Of course, even if you are in a crowd where the noise levels reach beyond 85 decibels, what matters most is limiting the amount of time your ears are exposed to that volume. It’s easy to be mindful of noisy environments and protect yourself with earplugs or other ear protection, like noise canceling headphones. Take care to watch the volumes on your personal devices and keep that at reasonable levels. 

Other causes of hearing loss

Ear infections

There are less common ways that people acquire hearing loss throughout their lives. Children’s hearing is most often damaged by ear infections. These ailments are ubiquitous in childhood ​​— by the time they are three years old, five out of six children have had an ear infection. However, repeated ear infections or untreated ear infections can have serious implications. Watch for fevers, trouble sleeping and tugging or rubbing at the ears in preverbal children. Older children with capacity for language are more able to clearly let you know if their ears are bothering them, but the symptoms remain similar. If your child exhibits signs of an ear infection, have them treated by a medical professional as soon as possible.

Head injuries

A traumatic brain injury can often lead to communication problems, like difficulty with speech or hearing. These head injuries, ranging in severity from a concussion to a much more violent blow, can physically damage the ear and the brain itself. Remember when we talked about the ways that hearing happens in the brain? After it receives sound information from the ear, the processing centers of the brain take center stage in our communication and hearing efforts. When the brain is damaged, the way we hear is impacted. In many cases, hearing loss related to traumatic brain injury is temporary.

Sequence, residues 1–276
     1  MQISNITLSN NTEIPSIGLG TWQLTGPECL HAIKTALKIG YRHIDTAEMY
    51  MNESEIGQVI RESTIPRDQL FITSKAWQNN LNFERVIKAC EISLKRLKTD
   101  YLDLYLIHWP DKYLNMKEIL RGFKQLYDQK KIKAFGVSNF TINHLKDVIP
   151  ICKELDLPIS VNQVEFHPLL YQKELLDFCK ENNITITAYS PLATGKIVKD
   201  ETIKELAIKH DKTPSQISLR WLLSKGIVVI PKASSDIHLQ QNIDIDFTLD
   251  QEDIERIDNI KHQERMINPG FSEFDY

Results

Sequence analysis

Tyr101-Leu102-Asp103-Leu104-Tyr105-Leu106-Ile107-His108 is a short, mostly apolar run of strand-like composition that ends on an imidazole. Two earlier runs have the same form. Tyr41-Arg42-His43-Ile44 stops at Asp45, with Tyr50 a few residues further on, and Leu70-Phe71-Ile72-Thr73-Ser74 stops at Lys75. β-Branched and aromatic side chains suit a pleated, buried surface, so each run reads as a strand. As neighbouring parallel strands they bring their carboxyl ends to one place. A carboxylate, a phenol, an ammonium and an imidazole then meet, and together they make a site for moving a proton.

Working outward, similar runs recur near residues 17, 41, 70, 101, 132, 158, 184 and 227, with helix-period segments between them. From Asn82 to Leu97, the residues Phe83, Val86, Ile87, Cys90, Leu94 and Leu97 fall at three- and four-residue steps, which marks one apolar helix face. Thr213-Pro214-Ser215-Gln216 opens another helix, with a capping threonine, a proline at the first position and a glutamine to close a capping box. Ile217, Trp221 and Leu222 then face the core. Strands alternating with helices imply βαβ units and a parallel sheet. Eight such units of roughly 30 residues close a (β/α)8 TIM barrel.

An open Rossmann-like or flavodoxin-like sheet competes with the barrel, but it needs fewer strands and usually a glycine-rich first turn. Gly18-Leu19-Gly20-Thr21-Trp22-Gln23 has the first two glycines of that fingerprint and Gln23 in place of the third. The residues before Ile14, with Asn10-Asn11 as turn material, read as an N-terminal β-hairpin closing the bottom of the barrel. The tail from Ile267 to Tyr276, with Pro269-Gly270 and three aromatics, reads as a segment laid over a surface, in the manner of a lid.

Ototoxic medications

Some medications can be harmful to our hearing, and a number of prescription medications can come with this serious side effect. You may know these as ototoxic medications. While they are regularly prescribed, it is likely they are being used to treat a very serious illness like cancer or heart disease. In these cases, your physician will have weighed the likelihood of hearing loss against successfully treating your condition and the hearing loss often ceases once you no longer take the medication. If you have been prescribed an ototoxic medication, this side effect should have been clearly communicated to you by your physician or pharmacist. 

Rare disease

In rare cases, disease can cause hearing loss. Thankfully, most of these diseases, like meningitis, measles, encephalitis and chicken pox have been virtually eradicated due to the successful development and deployment of vaccinations. 

Schedule a hearing consultation today

Hearing loss doesn’t have to be suffered silently. There are ways to successfully diagnose and treat challenged hearing so that you can continue to live a vibrant and connected life. Our team of hearing health professionals are ready to provide a quick and easy hearing consultation so that we can start you on your journey towards a better listening experience.